Tuesday, December 19, 2006

Data Access with Java Persistence API

The Java Persistence API simplifies the entity persistence model and adds new capabilities to the Java EE platform technology, it is the standard API for the management of persistence and object/relational mapping in Java EE 5. In this post, I will give a simple example of how to use JPA from a web application. I used BEA Kodo 4.1 and Weblogic application server 10.0 techinical preview. Follow these steps to run the example
  1. Download BEA Kodo 4.1 from here. You will also need to have a license file to use Kodo. The license file can be downloaded from here. Copy the license file into your classpath.

  2. You can download the Weblogic Application Server 10 TP from BEA.
Example Code
  1. Start with a "Dynamic Web Project" in Eclipse.
  2. Create the Persistence Class (Entity): The source code for the entity class is shown below:
    package beans;
    import javax.persistence.Column;
    import javax.persistence.Entity;
    import javax.persistence.Id;
    import javax.persistence.Table;

    @Table(name = "EMP")
    public class Employee {

    private long empId;

    private String empName;

    private String empJob;

    private long empSal;

    @Column(name = "EMPNO")
    public long getEmpId() {
    return empId;

    public void setEmpId(long empId) {
    this.empId = empId;

    @Column(name = "JOB")
    public String getEmpJob() {
    return empJob;

    public void setEmpJob(String empJob) {
    this.empJob = empJob;

    @Column(name = "ENAME")
    public String getEmpName() {
    return empName;

    public void setEmpName(String empName) {
    this.empName = empName;

    @Column(name = "EMPSAL")
    public long getEmpSal() {
    return empSal;

    public void setEmpSal(long empSal) {
    this.empSal = empSal;
    • The persistence classes, or entities are annotated with the javax.persistence.Entity annotation.
    • It is required to have a public/protected no-arg constructor.
    • Neither Entity class nor any of it's properties are to be declared final.
    • The @Id annotation defines a particular field as a primary key.
    • The properties of the Entity class are mapped to the Columns of the database with the @Column annotation.
  3. Create the Data Access Object: The code for the Data access object is shown below
    public class DAO {
    private static int pageSize = 3;
    private EntityManagerFactory emf;

    private static DAO dao = new DAO();
    private DAO() {
    public static DAO getInstance() {
    return dao;

    public List getData(int pageNumber) {

    EntityManager em = null;
    try {
    em = emf.createEntityManager();

    Query query = em.createQuery("SELECT e FROM Employee e");
    query = query.setFirstResult(pageSize * (pageNumber - 1));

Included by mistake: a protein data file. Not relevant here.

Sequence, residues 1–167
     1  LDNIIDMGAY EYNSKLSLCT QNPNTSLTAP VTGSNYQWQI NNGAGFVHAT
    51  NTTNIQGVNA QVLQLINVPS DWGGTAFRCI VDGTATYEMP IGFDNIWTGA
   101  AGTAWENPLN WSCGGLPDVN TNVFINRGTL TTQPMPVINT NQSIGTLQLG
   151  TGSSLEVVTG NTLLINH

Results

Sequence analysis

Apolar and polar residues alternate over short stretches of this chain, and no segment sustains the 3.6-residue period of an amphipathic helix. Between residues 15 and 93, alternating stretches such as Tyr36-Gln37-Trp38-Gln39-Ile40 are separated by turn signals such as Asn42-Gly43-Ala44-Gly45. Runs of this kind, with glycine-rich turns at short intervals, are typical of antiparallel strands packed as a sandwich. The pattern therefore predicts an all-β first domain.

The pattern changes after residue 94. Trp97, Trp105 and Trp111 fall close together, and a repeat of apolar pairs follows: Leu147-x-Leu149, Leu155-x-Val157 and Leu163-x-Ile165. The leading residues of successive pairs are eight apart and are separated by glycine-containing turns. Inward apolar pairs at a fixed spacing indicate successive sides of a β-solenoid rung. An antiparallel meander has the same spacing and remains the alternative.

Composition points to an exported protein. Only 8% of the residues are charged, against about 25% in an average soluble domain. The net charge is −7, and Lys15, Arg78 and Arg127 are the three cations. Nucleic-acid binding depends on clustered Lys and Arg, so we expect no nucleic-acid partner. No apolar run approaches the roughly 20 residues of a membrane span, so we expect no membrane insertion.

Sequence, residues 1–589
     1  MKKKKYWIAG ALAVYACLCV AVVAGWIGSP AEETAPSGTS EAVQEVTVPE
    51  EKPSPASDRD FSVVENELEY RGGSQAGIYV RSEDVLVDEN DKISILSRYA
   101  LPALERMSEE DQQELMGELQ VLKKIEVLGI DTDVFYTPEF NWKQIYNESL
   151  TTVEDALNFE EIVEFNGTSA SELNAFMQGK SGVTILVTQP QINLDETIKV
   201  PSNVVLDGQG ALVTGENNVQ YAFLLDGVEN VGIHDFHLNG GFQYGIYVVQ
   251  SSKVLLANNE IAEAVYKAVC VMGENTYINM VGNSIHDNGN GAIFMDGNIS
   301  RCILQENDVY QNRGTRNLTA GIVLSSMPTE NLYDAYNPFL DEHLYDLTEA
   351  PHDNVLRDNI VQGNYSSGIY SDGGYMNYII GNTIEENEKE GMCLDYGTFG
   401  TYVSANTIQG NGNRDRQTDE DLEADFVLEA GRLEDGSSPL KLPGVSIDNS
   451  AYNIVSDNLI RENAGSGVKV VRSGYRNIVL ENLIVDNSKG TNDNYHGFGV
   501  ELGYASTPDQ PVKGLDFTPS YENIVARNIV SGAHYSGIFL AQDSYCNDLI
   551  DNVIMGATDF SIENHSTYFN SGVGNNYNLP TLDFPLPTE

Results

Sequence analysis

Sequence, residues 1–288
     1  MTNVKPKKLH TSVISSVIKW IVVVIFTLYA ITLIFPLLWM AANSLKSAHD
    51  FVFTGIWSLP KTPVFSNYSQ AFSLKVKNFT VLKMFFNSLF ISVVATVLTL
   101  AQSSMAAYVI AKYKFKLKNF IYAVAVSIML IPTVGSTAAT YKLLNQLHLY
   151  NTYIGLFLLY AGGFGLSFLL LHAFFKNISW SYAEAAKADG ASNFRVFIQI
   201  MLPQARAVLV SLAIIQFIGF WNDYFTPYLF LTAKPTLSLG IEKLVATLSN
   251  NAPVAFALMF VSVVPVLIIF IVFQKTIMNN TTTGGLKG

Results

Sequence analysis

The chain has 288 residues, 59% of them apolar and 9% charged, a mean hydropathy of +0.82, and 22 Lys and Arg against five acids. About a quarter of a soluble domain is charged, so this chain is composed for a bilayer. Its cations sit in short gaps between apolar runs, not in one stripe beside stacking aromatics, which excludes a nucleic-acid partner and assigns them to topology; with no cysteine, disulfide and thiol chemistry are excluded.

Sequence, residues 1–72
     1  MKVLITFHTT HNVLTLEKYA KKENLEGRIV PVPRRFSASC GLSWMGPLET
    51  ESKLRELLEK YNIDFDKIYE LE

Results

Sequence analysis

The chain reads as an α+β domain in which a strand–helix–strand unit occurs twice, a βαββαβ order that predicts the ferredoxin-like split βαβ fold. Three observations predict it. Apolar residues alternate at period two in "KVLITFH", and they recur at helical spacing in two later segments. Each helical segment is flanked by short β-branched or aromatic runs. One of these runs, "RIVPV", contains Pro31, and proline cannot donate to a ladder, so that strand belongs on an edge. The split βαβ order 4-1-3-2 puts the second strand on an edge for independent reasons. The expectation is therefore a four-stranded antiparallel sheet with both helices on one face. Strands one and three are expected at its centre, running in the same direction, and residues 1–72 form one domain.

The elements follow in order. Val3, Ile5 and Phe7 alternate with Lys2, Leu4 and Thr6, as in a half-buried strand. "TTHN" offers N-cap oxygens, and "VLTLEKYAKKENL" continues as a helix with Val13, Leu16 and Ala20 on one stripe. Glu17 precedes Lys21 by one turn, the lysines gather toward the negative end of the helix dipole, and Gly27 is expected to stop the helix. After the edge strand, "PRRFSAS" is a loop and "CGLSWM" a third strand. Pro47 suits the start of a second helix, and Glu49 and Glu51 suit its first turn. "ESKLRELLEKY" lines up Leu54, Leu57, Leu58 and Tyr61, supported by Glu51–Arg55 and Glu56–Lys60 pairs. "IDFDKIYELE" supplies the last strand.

List results = query.getResultList();
    return results;

    } catch (Exception ex) {
    return null;
    } finally {


    public void setEmf(EntityManagerFactory emf) {
    dao.emf = emf;
    • The DAO class uses the EntityManagerFactory injected by the ContextListener on initialization, to obtain an instance of the EntityManager which is used to create Queries.
  4. Create a Context Listener: JPA annotations can be used to inject the EntityManager and the EntityManagerFactory into the Managed objects. The persistence annotations are supported only with managed classes such as servlet, filters, listeners, etc. You cannot use annotations with regular POJOs. To that end, I have created a Context Listener, which will be injected with the and which inturn injects the EntityManagerFactoryEntityManagerFactory into the DAO class.
    public class ContextListener implements ServletContextListener {

    EntityManagerFactory emf;

    public void contextDestroyed(ServletContextEvent arg0) {
    public void contextInitialized(ServletContextEvent arg0) {
    // EntityManagerFactory emf = Persistence.createEntityManagerFactory ("emp");
    DAO dao = DAO.getInstance();
    System.out.println("EMF : " + emf);

    The commented out line in the ContextListener class shown below
    EntityManagerFactory emf = Persistence.createEntityManagerFactory ("emp");
    is another way to obtain an instance of the EntityManagerFactory.

  5. Update Web.xml: By default, when you create a "dynamic web project" in eclipse as of today, the web.xml file will be prepared for J2EE 1.4, you have to update it to Java EE5 (note the web-app declaration below). The application server will not inject the EntityManagerFactory into the ContextListener if the Web-App version is not set to 2.5, and you will get a NullPointerException. You also have to add the ContextListener to the web.xml file.
    <?xml version="1.0" encoding="UTF-8"?>
    <web-app xmlns="http://java.sun.com/xml/ns/javaee"
    xsi:schemaLocation="http://java.sun.com/xml/ns/javaee http://java.sun.com/xml/ns/javaee/web-app_2_5.xsd">